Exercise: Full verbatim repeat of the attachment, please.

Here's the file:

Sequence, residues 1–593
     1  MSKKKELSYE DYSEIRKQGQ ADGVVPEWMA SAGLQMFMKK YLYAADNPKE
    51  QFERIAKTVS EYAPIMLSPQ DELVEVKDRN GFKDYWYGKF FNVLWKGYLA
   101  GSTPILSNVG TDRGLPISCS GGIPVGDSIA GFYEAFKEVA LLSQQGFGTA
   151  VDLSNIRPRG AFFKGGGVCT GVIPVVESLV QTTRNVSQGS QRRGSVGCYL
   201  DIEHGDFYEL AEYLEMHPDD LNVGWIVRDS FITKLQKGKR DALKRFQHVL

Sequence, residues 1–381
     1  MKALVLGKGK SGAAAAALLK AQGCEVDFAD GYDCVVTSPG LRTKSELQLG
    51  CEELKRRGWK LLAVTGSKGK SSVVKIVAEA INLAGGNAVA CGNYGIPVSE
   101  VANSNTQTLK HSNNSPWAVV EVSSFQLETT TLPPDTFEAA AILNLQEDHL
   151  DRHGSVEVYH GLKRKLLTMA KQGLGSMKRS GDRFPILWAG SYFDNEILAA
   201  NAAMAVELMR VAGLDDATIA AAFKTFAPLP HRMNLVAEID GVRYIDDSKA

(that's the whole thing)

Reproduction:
Sequence, residues 1–593
     1  MSKKKELSYE DYSEIRKQGQ ADGVVPEWMA SAGLQMFMKK YLYAADNPKE
    51  QFERIAKTVS EYAPIMLSPQ DELVEVKDRN GFKDYWYGKF FNVLWKGYLA
   101  GSTPILSNVG TDRGLPISCS GGIPVGDSIA GFYEAFKEVA LLSQQGFGTA
   151  VDLSNIRPRG AFFKGGGVCT GVIPVVESLV QTTRNVSQGS QRRGSVGCYL
   201  DIEHGDFYEL AEYLEMHPDD LNVGWIVRDS FITKLQKGKR DALKRFQHVL

Sequence, residues 1–381
     1  MKALVLGKGK SGAAAAALLK AQGCEVDFAD GYDCVVTSPG LRTKSELQLG
    51  CEELKRRGWK LLAVTGSKGK SSVVKIVAEA INLAGGNAVA CGNYGIPVSE
   101  VANSNTQTLK HSNNSPWAVV EVSSFQLETT TLPPDTFEAA AILNLQEDHL
   151  DRHGSVEVYH GLKRKLLTMA KQGLGSMKRS GDRFPILWAG SYFDNEILAA
   201  NAAMAVELMR VAGLDDATIA AAFKTFAPLP HRMNLVAEID GVRYIDDSKA